Theories & Approaches
Mentoring and Pregnancy Prevention
A literature search on formal mentoring programs addressing adolescent pregnancy prevention reveals only a handful of published studies that currently serve as guideposts for mentoring as a pregnancy prevention strategy.
- Two studies from this literature support the role of informal mentors as positive influences on educational aspirations and alcohol use of pregnant and parenting teens (Rhodes, Gingiss, & Smith, 1994; Klaw, & Rhodes, 1995).
- In another study (Zippay, 1995), teen mothers who were paired with professionally employed mentors demonstrated advancement in their education and employment.
- An exploratory study of the Missouri Volunteer Resource Mothers (MVRM) — a community-based mentoring program for pregnant and parenting teens — described the mentoring program and its positive effects (Blinn-Pike & Mingus, 1997; Blinn-Pike, Kuschel, McDaniel, Mingus, & Mutti, 1998).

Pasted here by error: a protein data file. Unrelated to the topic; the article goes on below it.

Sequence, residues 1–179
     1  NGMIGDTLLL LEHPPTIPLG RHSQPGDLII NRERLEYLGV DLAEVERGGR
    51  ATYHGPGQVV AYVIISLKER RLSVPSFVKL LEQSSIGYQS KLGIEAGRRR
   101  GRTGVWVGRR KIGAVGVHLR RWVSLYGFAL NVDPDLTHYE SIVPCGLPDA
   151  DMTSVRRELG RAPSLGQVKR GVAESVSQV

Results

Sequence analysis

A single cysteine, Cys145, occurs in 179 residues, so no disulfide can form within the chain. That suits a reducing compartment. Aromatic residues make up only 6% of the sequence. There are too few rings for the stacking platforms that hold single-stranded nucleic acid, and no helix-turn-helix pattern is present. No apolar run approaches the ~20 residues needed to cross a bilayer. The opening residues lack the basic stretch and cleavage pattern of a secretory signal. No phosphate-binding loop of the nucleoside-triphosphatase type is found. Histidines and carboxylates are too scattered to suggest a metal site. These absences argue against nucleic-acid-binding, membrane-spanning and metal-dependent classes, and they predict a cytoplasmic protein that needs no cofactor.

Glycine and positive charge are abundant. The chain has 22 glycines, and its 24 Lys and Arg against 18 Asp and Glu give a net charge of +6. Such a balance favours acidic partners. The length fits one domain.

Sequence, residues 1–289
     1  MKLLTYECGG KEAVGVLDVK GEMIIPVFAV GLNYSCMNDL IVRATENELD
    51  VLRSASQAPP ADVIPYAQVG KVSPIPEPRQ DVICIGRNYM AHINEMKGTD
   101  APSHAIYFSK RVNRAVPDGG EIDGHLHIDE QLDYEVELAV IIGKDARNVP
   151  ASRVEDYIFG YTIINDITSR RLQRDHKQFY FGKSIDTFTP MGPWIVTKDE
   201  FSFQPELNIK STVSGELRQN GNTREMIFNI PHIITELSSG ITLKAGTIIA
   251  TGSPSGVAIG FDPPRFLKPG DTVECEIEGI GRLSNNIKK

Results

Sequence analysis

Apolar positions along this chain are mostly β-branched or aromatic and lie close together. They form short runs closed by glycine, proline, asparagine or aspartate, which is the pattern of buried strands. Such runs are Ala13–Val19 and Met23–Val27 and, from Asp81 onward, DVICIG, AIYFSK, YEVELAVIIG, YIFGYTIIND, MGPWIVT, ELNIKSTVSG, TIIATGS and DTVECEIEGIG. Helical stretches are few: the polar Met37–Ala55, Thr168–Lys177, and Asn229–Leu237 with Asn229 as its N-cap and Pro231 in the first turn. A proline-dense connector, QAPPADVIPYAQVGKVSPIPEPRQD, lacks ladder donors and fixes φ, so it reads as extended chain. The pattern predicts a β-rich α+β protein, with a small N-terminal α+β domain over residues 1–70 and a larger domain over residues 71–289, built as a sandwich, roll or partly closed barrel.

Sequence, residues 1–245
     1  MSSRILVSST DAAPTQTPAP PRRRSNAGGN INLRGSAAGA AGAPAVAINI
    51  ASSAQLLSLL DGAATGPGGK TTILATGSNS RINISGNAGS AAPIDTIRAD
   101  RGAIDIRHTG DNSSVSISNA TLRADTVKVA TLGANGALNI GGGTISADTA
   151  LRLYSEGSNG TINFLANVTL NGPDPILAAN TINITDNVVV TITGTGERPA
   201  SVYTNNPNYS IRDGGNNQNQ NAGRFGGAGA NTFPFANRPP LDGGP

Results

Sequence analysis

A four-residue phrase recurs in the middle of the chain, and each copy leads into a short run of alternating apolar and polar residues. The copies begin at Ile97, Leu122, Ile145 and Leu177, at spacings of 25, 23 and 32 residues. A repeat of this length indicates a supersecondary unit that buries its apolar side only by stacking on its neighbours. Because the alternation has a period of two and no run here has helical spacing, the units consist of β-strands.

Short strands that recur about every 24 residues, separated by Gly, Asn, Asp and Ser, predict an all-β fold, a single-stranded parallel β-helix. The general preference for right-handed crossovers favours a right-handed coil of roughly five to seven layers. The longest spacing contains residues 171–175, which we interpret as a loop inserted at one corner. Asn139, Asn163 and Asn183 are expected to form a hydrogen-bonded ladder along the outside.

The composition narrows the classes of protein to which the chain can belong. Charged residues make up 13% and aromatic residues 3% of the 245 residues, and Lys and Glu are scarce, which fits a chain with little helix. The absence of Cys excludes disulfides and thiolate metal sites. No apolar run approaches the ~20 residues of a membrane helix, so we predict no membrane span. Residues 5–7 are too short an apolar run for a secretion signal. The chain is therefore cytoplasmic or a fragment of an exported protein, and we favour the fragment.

The MVRM study demonstrated that compared to a non-mentored comparison group, the mentored group who received mentoring for at least one year demonstrated increased knowledge of infant health, fewer infant hospital visits, reductions in child abuse potential, greater commitment to breast-feeding, reduced feelings of distress and loneliness, and a zero percent repeat pregnancy rate.
The studies described above look at mentoring as a strategy to prevent secondary pregnancy. No studies were found describing mentoring as a primary pregnancy prevention strategy. However, the absence of these studies does not necessarily mean that mentoring is not effective as a primary prevention strategy. Rather, at this time, the literature gives us the most confidence in the potential of mentoring as a prevention strategy for repeat or second pregnancies. (See case studies.)
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